Banned: Emojis. Yeah, you heard me right.

Warning: I’m a little emojinal today.

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Emojis.  Emoticons.  Pictographs.  They’re cute and cuddly like a little bear cub.  And like a momma bear defending its cub, you may want to want to lacerate me after I inviscerate these beloved texting cartoons.

Emoji comes from the Japenese word e for “picture” and moji for “letter” or “character”.  I always thought emoji was a derivative of the word “emotion”, because back when emojis were just faces showing different expressions, that’s what they conveyed – emotions.

In those days, if you were sending a passive-aggressive text message, you could add a smiley face to make sure the person took it as passive-aggressive and not fully-aggressive.

Great. Grand. Lovely. Wonderful.

When I sent my first SMS (Short Message System) message, aka, text message, it was somewhere around the turn of the millennium.  I didn’t even know my phone could do that.  I was just flipping through the options and I discovered the feature to type a short message (without a keyboard), using something called T9 predictive text.  I sent a text to my buddy who was in the next room:

“vancouver sucks”

It was in reference to his favourite hockey team.  This caused a series of messages insulting each other’s hockey team (among other things).  We were very mature in those days. I still remember the reaction of his female roommate:

“You guys are nerds.”

That part was true.  We were nerds.  We got the same reaction from all the females in our social group at the time.  They thought SMS messages were lame.

Fast forward to the present.  The women were right.  Text messaging is lame.

It’s usually lame, I should say.  The first ‘S’ in SMS stands for Short.  As in, Short and Sweet.  If you keep your message short and to the point, that’s actually somewhat useful.  Some of my friends don’t understand this and would like to have a conversation the length of this blog post via text message.  Not cool.  The less time I stand in the dunce corner, staring down at my screen, the better.  So if I text, which is hardly ever, I keep it short.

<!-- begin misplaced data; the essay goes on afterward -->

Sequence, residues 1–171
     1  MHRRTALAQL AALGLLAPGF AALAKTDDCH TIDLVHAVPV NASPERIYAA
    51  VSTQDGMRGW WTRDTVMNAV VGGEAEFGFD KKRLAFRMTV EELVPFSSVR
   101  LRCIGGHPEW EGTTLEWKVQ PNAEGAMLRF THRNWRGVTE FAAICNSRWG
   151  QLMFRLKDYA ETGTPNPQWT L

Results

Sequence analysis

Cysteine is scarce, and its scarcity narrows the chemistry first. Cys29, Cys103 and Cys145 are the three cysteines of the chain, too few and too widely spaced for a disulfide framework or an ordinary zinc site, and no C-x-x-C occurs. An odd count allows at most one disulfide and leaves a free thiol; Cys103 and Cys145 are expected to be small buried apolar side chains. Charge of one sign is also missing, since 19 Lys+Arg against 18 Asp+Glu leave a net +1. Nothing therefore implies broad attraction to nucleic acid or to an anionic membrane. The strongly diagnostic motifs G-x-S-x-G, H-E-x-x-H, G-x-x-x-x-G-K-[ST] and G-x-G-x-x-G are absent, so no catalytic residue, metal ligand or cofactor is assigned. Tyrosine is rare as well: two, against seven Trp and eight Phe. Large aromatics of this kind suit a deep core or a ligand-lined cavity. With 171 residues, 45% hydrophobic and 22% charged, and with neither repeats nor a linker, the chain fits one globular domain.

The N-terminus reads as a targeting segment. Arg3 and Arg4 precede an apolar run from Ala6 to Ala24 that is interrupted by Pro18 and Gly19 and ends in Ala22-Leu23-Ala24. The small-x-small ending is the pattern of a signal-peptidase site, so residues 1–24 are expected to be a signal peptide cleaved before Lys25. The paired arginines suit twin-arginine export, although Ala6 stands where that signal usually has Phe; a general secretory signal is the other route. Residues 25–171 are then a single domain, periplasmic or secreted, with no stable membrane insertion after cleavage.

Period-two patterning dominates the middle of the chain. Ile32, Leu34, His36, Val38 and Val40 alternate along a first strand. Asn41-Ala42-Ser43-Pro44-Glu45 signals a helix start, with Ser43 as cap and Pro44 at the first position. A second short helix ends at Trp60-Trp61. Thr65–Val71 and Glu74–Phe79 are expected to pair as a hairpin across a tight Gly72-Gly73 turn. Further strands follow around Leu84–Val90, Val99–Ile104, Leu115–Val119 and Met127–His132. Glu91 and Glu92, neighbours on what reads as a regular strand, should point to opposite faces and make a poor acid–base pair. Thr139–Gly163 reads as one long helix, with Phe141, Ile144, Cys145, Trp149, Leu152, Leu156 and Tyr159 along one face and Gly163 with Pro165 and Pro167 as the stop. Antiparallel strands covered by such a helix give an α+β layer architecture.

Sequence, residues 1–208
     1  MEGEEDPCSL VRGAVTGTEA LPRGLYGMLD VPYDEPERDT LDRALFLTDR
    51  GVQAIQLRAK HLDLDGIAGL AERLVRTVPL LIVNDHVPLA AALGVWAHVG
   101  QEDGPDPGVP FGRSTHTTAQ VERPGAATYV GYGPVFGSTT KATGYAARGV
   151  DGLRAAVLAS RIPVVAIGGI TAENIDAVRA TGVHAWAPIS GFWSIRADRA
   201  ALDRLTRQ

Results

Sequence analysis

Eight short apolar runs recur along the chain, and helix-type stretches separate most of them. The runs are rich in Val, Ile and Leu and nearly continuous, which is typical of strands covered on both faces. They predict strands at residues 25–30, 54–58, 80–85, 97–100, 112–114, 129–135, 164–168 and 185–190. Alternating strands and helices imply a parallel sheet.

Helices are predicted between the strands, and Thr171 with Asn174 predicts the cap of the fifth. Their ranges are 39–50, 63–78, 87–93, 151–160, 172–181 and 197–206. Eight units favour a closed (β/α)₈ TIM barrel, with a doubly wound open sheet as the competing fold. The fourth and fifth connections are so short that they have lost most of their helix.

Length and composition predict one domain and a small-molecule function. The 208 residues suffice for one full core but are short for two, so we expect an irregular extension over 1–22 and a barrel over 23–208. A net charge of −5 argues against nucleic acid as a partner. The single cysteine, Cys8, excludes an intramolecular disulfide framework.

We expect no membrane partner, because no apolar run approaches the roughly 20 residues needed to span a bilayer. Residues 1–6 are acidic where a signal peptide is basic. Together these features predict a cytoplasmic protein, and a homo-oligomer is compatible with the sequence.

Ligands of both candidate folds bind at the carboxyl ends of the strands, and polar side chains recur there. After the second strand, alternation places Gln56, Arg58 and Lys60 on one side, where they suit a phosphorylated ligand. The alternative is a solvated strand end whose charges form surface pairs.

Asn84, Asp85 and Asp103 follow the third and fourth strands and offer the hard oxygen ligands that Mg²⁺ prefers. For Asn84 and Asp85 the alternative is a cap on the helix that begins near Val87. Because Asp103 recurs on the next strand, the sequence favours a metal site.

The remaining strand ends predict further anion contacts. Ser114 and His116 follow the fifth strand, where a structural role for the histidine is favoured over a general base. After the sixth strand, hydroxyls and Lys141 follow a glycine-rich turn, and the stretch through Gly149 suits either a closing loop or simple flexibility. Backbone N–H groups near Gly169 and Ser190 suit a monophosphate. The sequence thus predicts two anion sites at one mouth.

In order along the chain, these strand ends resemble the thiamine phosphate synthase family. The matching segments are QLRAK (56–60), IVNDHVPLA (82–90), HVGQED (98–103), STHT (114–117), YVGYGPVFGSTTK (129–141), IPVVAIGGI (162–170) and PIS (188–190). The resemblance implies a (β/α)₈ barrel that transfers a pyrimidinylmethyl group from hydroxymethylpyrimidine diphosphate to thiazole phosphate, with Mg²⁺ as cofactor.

“Now just a minute there, Sheep.  Earlier you alluded to a dislike for emojis, but in fact, they can help you achieve your goal of writing shorter texts.”

While that may be true, I am a big fan of not bastardizing our language.  So I usually type things out in full.  My version of LOL is “Ha, ha”.  It’s even more accurate, for when one types LOL, one is not usually laughing out loud.  One is more likely having a light chuckle.

“Holy fuck. Please lighten up.”

Maybe I should.  But have our emojis not gotten carried away?  We have an emoji for poop for godsakes.  My boss at my first job once witnessed me ignoring customers in order to get my work done.  He reminded me that I should talk to the customers and that doing so is easy.  Why?  Because the English language has so many words to say the same thing.

Poop can be shit, caca, feces, turds, dung, excrement, dirt…  I am sure we can all think of many more.  Now we don’t need to.  We have a picture to do it for us.  A steaming pile of poo.

Speaking of poo, I was reading the “news” today.  I like to keep abreast of new technology, so this morning I was checking the technology pages when I came across the article that started this whole rant in the first place:

Google aims to be more inclusive with gender fluid emojis

I think some people may want to stop emoji-ing for a second and check that dictionary-thingy for the word inclusive.  Here, I’ll do it for you:

inclusive: including or covering all the services, facilities, or items normally expected or required.

Being the proud owner of a cellphone, there are certain services I would expect or require.  Having access to a pictogram that exactly matches my “genderless” face is not what I would consider a required or expected service.

According to the article, “Designers spent a considerable amount of time determining how to create genderless emojis”.